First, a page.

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S h e f i r s t examines the details of the photograph – the waving blond hair, the shadows of the eyes on the cheeks. Then, pulling out a regular mechanical pencil and eraser, she draws the first of many smooth, flowing lines on a piece of paper. If there’s any doubt in the preliminary minutes about what she’s drawing, it disappears when she begins to darken her strokes and fill in the details. Suddenly, the lines transform into the face of a young girl with a frightening expression, her widened eyes staring back with a piercing look. After a few short minutes, she holds up the painting with a half-smile on her face, still examining the paper for improvements. Equipped with little more than her pencils, paintbrushes and the hands of an artist, Sophia Chen ’19 has the ability to turn a ten-cent piece of paper into something much more. But before the colors and the shapes fall in line to form this

something more, Chen spends up to thirty hours over several weeks erasing, redrawing and repainting until the art “decides to be done”. “I’ll sit down and maybe I’ll [draw] for a couple of hours, and then I’ll force myself to stop because I know if I sat there for ten hours straight and then I come back, I’ll just find all these mistakes,” Chen said. “My drawings are not pretty in the process,” she added with a laugh. For graphite drawings, Chen uses her eraser almost as much as she uses her pencils. She can mold her eraser into a flat surface to completely rework large objects and also into a sharp point to finetune the details. She says to herself, “That side [of the nose] is a little higher than that side,” while erasing the left side of a perfectly acceptable nose. “Sometimes there are days when I just don’t want to [do art] because there are so many things I have to fix.” It doesn’t help that Chen focuses primarily on realism art, which revolves around using detail and precision to make art as lifelike as possible. But Chen denies that her hard work is demotivating. Rather, when asked about the frustration and perspiration of the process, she responded saying, “I think it’s more satisfying in the end, where you have a final product and it’s like, ‘Oh, I made that, that’s kind of cool!’” Her hard work certainly pays off when presented to the eyes of the public, but Chen’s art also has deeper personal ties with her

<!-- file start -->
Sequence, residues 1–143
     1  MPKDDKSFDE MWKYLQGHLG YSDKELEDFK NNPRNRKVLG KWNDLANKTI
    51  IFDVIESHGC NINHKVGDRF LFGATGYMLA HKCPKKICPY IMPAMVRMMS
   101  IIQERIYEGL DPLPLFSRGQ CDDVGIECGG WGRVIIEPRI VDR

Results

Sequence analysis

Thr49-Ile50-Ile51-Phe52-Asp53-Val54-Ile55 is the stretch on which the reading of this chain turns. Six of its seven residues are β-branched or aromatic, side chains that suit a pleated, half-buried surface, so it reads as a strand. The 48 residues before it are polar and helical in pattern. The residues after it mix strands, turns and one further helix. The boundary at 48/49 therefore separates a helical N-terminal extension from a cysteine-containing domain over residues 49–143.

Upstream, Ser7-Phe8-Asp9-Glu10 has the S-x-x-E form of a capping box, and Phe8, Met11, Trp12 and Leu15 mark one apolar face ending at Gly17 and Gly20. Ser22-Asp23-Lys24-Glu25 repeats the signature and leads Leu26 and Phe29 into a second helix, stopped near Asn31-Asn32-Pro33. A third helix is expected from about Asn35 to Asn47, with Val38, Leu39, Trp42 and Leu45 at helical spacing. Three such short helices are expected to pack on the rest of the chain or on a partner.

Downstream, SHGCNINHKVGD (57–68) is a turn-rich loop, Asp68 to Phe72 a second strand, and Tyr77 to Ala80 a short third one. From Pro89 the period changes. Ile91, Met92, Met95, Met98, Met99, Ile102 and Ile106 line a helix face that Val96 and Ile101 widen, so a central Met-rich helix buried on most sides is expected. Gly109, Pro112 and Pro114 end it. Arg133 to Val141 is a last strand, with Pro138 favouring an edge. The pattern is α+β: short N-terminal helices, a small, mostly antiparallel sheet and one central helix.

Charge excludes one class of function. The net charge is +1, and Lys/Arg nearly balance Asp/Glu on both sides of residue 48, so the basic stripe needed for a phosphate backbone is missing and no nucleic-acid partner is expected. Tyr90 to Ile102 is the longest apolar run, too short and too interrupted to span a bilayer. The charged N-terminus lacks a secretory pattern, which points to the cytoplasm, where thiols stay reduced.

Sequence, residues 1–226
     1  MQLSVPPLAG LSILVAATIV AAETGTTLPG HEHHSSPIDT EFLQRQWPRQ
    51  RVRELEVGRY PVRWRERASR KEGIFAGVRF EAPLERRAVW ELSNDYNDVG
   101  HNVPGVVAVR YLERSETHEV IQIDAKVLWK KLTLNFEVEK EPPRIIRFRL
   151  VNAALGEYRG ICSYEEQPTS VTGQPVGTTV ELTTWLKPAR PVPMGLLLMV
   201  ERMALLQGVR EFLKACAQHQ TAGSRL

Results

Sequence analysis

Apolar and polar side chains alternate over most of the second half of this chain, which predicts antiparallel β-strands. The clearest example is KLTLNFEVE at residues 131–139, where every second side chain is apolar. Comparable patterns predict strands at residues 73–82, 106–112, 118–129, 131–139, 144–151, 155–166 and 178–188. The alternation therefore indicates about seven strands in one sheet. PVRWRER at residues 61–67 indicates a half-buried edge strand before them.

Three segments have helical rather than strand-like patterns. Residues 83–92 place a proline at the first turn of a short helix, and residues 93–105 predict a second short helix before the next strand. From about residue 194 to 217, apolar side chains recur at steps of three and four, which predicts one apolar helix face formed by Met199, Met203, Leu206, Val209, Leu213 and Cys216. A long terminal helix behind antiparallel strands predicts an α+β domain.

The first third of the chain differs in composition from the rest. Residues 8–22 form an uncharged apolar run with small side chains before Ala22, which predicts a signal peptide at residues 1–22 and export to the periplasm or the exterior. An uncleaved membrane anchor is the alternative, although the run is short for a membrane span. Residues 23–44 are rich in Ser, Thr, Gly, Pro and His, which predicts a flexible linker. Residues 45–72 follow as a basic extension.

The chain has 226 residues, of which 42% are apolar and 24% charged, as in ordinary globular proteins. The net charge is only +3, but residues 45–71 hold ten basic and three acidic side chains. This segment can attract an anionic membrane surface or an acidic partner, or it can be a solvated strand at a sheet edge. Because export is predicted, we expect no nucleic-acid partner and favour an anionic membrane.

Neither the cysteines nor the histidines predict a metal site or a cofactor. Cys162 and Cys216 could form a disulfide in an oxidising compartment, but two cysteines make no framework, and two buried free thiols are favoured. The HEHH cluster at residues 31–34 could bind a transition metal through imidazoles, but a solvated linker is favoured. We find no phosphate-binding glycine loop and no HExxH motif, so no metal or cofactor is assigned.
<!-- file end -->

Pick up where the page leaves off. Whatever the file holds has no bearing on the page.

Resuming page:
family. In the very beginning, she took art lessons alongside her older sister Eugenia. While her sister was never “as into it” as she was and doesn’t spend as much time drawing now, Chen continued to draw with inspiration from her father, Songhai Chen. “I have this one memory of when [my dad and I] were just in the car and he stopped and he took out a pad of paper and just started drawing the scenery around us,” Chen said. “It was the first time where I was like, ‘I really want to do art now.’” Although her father, Songhai Chen, is too busy to draw nowadays, he says that he is “ very happy to see that Sophia likes it so much.” He remembers his own father and Chen’s grandfather, who suddenly picked up Chinese style drawing after retirement and whose paintings still hang in their home in Iowa City. Thinking of this, he wants to see his daughter take her artistic abilities with her throughout her future. “I hope she will keep doing [art] as her hobby. It will teach her patience and keeping a sharp eye [on] her surroundings,” Songhai said. “I don’t have time to do drawing now but if I pick it up when I have time, Sophia will be my inspiration.” And like her grandfather, Chen doesn’t plan on giving up on art, even when she’s old and retired. Although she doesn’t have a clear-cut plan for the future, she knows that she’ll never stop drawing and painting.



2015 12 18 issue  
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